Yet the new closure of all diplomatic contacts is a perilous new low. Kommersant sources said that the changes will affect the military liaison mission of the North Atlantic alliance in Moscow, aimed at promoting the expansion of the dialogue between Russia and NATO. However, in recent years there has been no de facto cooperation. And now, as Foreign Minister Sergey Lavrov has announced, the activities of the military liaison mission will be suspended. The accreditation of its personnel will be canceled on November 1.
NATO told RIA Novosti news service on Monday that it regretted Moscow's move. Meanwhile, among Western countries, Germany was the first to respond. "It would complicate the already difficult situation in which we are now and prolong the "ice age," German Foreign Minister Heiko Maas told reporters.
"Lavrov said on Monday, commenting on the present and future of relations between Moscow and the North Atlantic Alliance, "If this is the case, then we see no great need to continue pretending that any changes will be possible in the foreseeable future because NATO has already announced that such changes are impossible.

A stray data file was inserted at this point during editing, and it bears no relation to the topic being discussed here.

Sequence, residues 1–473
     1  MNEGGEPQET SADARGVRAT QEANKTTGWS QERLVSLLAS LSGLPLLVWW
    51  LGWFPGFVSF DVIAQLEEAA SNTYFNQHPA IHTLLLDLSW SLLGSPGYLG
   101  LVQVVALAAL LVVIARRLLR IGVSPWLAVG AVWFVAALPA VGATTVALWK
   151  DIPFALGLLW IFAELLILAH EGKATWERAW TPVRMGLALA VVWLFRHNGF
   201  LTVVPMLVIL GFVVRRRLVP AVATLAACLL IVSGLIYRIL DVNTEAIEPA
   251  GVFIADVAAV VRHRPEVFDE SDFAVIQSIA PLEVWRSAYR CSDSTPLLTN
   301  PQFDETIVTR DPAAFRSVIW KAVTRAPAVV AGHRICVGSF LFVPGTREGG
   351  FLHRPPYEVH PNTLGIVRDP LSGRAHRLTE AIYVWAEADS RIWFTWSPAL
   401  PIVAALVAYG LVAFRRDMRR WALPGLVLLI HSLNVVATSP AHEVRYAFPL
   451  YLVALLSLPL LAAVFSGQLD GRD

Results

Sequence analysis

The suspension of activities of the Russian Permanent Mission to NATO, as well as the military liaison and information mission in Russia, means that Moscow and Brussels have decided to "draw a final line under the partnership relations of previous decades," explained Andrei Kortunov, director-general of the Russian Council on Foreign Affairs, "These relations began to form in the 1990s, opening channels for cooperation between the sides … but they have continued to steadily deteriorate over recent years."
Kortunov believes the current rupture was promoted by Brussels. "A new strategy for NATO is being prepared, which will be adopted at the next summit of the alliance, and the previous partnership with Russia does not fit into its concept anymore."
The existence and expansion of NATO after the end of the Cold War was the main reason for the destruction of the whole complex of relations between Russia and the West. Today, Russia is paying particular attention to marking red lines related to the further steps of Ukraine's integration into NATO. Vladimir Putin's spokesman Dmitry Peskov previously stated this, warning that in response to the alliance's activity in the Ukrainian direction, Moscow would take "active steps" to ensure its security.